Boney metastasis is the main other differential for hypercalcaemia, usually from breast, prostate, thyroid or renal cell carcinomas. This develops in 10-20% of patients with disseminated malignancy. Bony metastasis are the most common cause of malignancy related hypercalcaemia, cause hypercalcaemia by releasing TNF alpha, prostaglandins and other paracrine agents that activate osteoclasts.
How is malignant hypercalcaemia treated?
Treatment involves correcting the volume depletion that all hypercalcaemic patients have (caused by calcium induced diabetes insipidus). Bisphosphonates are useful in TIH, but PTHrP related hypercalcaemia is often refractory. Steroids are used for steroid responsive tumours, e.g. multiple myeloma and lymphoma.
Name some other causes of hypercalcaemia that should be considered alongside malignancy
Granulomas (TB, sarcoidosis)
Familial (familial hypocalciuric hypercalcaemia)
Endocrine PATH (phaeochromocytoma, Addison's disease, thyrotoxicosis, hyperparathyroidism)
Drugs (thiazides, lithium, vitamins A and D, milk alkali syndrome)
What cancers cause Cushing's syndrome and how common is it?
Cushing's syndrome is classically produced by ectopic ACTH production by small cell lung carcinoma. Overall, 40% of patients with SCLC secrete polypeptides, most of which are non functional, e.g. the precursor molecule to ACTH is often present in these tumours but only about 4% possess the biological activity of ACTH. Overall only 2-3% of patients with SCLC have Cushing's syndrome. When the syndrome is acute and prominent, it is typically associated with hirsuitism, acne and hypokalaemia. It needs medical control both in its own right AND because it increases the toxicity of chemotherapy.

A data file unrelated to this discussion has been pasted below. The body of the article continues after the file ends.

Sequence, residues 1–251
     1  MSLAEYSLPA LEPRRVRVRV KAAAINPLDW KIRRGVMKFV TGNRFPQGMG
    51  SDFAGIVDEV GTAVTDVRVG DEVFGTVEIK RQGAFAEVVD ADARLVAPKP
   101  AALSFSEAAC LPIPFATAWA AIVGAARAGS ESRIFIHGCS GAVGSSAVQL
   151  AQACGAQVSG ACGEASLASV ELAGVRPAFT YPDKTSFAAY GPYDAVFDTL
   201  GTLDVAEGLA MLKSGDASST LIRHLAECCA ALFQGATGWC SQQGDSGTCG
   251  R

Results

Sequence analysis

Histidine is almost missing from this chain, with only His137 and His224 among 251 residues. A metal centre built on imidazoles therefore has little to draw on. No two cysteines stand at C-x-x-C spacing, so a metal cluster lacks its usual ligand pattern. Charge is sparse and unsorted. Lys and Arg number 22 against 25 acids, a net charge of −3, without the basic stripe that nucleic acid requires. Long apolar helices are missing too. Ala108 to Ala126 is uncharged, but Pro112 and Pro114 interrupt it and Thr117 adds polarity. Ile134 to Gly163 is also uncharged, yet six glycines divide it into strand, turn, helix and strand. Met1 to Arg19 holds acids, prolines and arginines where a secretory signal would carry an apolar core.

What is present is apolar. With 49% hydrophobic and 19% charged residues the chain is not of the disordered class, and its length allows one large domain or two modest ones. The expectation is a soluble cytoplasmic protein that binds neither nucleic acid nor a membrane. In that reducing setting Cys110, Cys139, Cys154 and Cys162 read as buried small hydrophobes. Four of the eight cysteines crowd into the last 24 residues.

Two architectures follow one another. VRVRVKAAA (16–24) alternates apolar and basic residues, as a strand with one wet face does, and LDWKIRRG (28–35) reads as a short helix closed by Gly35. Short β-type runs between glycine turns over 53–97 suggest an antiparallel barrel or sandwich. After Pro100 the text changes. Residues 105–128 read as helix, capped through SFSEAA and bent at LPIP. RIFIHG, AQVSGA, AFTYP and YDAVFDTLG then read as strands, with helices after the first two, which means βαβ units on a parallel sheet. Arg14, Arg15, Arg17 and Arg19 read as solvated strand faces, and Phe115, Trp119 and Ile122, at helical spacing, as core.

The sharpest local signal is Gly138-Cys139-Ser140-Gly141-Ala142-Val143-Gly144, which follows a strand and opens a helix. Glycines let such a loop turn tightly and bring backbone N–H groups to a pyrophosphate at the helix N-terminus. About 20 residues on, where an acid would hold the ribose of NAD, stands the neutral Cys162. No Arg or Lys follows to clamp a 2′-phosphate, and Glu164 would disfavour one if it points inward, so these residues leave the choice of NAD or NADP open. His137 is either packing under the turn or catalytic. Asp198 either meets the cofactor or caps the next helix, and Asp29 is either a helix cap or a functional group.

How does cancer cause hypoglycaemia?
Hypoglycaemia occurs in cancer by 3 main mechanisms:
1) massive size of slow growing tumour - e.g. mesenchymal sarcomas, lymphomas or mesotheliomas often secrete "big" IGF factor II
2) IGF typically from hepatic or adrenal carcinomas
3) insulin secretion by insulinomas, with the rare but classic presentation of fasting hypoglycaemia, commonly associated with neuropsychiatric sequelae and relentless weight gain
What neurological paraneoplastic syndrome are anti-Yo, anti-Hu, anti-Ri and anti-Tr antibodies associated?
These antibodies are associated with cerebellar cortical degeneration, most commonly seen with carcinoma of the lung, breast, or ovary. The cerebellar syndrome has prominent involvement of eye movements, is extremely disabling, and precedes the diagnosis of the underlying cancer. The prognosis is poor and is not reversible with successful treatment of the malignancy. MRI is typically normal, and the diagnosis is one of exclusion. Toxic, metabolic, degenerative and rare differentials such as CJD and HIV should be considered.
What is the Lambert-Eaton myasthenic syndrome?
This is a paraneoplastic condition characterised by symmetrical muscle weakness, hyporeflexia and autonomic dysfunction with improvement in strength on reinforcement. Eye involvement (unlike in myasthenia gravis) is RARE. Nerve evoked acetylcholine release at neuromuscular junction is reduced. Serum antibodies against voltage gated calcium channels occur.
Subacute sensory neuropathy
Paraneoplastic syndrome producing a sensory ataxia associated with lymphoma, SCLC and the presence of anti-Hu antibodies.
What cancers are dermatological paraneoplastic syndromes most commonly associated with?
There are many dermatological paraneoplastic syndromes, but nearly all of them are associated with stomach or intra-abdominal malignancies. They include:
- Trosseau's sign of superficial migratory thrombophlebitis
- The sign of Leser-Trelat (prominant seborrhoeic keratosis)
- Acanthosis nigricans - hyperpigmented velvety plaques found in the axillae and flexural areas
After the age of 50, half the cases of dermatomyositis are associated with occult malignancy. Pemphigus is associated with malignancy.